Auto insurance can be a nightmare. It's costly, confusing, and unrewarding -- until you need it. Here's how to purchase peace of mind now and later.
It's the most important tool you've got for retirement. Here's how to make the most of it.
Grace Case hasn't used a credit card in more than two years. She's given up her cell phone, buying new clothes and toys on a whim, getting her hair colored every month, making big-ticket purchases until they're absolutely needed and going to concerts -- her and her husband's favorite form of entertainment. She shops garage sales, uses coupons and never finds her fridge full of leftovers because she stretches every meal she makes. Her 3-year-old daughter Emily plays with toys that were bought for 10-year-old Adam when he was a toddler. She grows many of her own vegetables, buys meat in bulk and carpools to work. "I'm just managing my budget within the parameters of what I have," she said.
Her frugality was forced upon her when the Fulton, N.Y., accountant lost a $60,000 a year salary in 2006 and faced the frightening truth that she was unemployed with $41,000 of credit-card debt, two car payments and a mortgage that her husband's machinist salary alone couldn't cover.
Banking and credit-card consumers need to keep their guard up as financial institutions increasingly impose new fees and charges to balance their books in the wake of the continued economic downturn. Banks and card companies have gone on the offensive in advance of proposed new consumer financial-products protections that the Obama administration is asking Congress to enact. For many consumers, that could mean an unexpected sting on monthly bills.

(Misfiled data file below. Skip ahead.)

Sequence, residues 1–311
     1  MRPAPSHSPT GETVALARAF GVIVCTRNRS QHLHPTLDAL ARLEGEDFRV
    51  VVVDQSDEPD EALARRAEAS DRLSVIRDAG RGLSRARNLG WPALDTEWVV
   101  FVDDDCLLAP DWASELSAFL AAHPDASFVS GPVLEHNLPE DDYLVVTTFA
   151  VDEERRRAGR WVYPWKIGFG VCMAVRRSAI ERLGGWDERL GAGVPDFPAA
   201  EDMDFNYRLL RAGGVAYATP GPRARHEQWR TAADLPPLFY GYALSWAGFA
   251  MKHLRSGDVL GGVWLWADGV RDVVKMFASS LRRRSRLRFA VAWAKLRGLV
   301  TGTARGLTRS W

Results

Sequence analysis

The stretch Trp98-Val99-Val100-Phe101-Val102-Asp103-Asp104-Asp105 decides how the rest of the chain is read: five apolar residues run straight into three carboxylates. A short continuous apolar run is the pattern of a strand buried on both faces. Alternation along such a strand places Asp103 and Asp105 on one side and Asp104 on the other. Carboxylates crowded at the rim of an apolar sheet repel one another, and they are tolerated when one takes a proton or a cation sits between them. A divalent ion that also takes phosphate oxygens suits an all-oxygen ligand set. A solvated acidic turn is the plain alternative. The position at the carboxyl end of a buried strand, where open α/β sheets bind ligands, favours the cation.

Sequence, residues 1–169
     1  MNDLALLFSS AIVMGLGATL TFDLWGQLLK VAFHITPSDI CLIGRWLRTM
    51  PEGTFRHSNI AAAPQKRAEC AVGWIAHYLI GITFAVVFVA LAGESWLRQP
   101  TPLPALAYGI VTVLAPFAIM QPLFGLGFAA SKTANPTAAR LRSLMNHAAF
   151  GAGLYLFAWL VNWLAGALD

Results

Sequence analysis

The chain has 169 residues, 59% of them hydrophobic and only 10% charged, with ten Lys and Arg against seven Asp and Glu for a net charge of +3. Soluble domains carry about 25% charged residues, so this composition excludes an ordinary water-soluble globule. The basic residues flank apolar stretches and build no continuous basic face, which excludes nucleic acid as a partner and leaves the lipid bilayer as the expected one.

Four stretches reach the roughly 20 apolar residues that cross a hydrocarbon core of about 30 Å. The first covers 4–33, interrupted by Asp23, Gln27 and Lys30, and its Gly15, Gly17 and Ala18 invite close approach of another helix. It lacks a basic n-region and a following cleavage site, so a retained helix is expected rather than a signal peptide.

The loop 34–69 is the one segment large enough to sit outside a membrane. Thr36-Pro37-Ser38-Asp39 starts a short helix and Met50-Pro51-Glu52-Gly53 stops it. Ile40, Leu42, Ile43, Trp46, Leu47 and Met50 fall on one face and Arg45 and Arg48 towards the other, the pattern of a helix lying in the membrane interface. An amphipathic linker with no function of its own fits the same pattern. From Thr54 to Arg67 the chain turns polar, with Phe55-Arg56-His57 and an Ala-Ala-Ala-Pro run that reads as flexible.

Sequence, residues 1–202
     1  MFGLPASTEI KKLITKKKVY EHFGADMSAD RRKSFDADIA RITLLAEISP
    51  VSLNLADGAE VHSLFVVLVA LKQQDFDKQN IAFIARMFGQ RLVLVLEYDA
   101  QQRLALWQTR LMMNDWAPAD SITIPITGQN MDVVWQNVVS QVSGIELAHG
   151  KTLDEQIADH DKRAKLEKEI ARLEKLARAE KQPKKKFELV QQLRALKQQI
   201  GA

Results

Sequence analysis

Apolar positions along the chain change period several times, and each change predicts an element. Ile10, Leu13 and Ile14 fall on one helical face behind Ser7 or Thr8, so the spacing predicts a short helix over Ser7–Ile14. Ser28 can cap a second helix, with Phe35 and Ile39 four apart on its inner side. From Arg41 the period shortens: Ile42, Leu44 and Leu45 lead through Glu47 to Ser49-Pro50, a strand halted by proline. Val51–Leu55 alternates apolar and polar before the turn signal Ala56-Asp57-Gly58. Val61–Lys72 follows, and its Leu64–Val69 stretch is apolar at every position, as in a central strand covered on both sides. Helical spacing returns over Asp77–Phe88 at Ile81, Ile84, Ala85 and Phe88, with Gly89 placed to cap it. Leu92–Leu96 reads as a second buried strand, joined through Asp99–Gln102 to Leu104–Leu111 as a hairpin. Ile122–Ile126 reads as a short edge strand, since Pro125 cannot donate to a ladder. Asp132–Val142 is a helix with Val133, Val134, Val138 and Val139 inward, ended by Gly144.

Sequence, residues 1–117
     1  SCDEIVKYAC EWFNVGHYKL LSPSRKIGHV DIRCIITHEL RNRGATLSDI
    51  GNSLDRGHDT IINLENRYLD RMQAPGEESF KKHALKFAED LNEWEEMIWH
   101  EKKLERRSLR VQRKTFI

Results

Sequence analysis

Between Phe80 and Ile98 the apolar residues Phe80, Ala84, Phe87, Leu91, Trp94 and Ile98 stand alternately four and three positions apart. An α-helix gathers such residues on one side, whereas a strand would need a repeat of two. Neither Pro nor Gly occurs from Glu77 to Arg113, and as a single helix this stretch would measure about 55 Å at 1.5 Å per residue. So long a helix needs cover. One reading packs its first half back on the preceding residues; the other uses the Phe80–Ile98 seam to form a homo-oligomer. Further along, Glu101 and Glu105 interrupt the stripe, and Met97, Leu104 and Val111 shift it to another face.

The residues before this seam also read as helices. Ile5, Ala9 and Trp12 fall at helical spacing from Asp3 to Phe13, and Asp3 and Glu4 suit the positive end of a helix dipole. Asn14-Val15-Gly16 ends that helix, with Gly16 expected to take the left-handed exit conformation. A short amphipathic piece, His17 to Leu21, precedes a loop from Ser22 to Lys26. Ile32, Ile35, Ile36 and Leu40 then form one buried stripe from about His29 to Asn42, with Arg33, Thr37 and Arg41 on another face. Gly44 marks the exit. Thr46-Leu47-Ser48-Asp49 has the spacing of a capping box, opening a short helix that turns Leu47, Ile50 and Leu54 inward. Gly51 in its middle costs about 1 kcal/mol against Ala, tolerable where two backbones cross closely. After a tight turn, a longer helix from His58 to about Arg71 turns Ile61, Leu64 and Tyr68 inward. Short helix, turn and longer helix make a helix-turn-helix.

Want to become a billionaire? Up your chances by dropping out of college, working at Goldman Sachs or joining Skull & Bones. Are billionaires born or made? What are the common attributes among the uber-wealthy? Are there any true secrets of the self-made? We get these questions a lot, and decided it was time to go beyond the broad answers of smarts, ambition and luck by sorting through our database of wealthy individuals in search of bona fide trends. We analyzed everything from the billionaires' parents' professions to where they went to school, their track records in the early stages of their careers and other experiences that may have put them on the path to extreme wealth.
Our admittedly unscientific study of the 657 self-made billionaires we counted in February for our list of the World's Billionaires yielded some interesting results.
Clothiers, restaurants and other vendors are wilting -- and cutting prices -- as they struggle to cope with a slowdown in consumer spending. The upshot for customers is a slew of deals across a variety of sectors. For many stores, the situation is grim. The personal savings rate hit 6.9 percent in May, its highest level in more than 15 years and up from close to zero in early 2008, according to the Commerce Department. At the same time, a steady rise in the unemployment rate is putting downward pressure on consumer confidence; the Consumer Confidence Index stood at 49.3 in June, down from 54.8 in May, according to the Conference Board.
The combination of tighter wallets and lower confidence is creating a huge challenge for retailers, says Mike Gatti, the executive director at the Retail Advertising and Marketing Association, a trade group that tracks company advertising and marketing strategies. Since the beginning of this year, consumers have focused on necessities like groceries and on value, he says.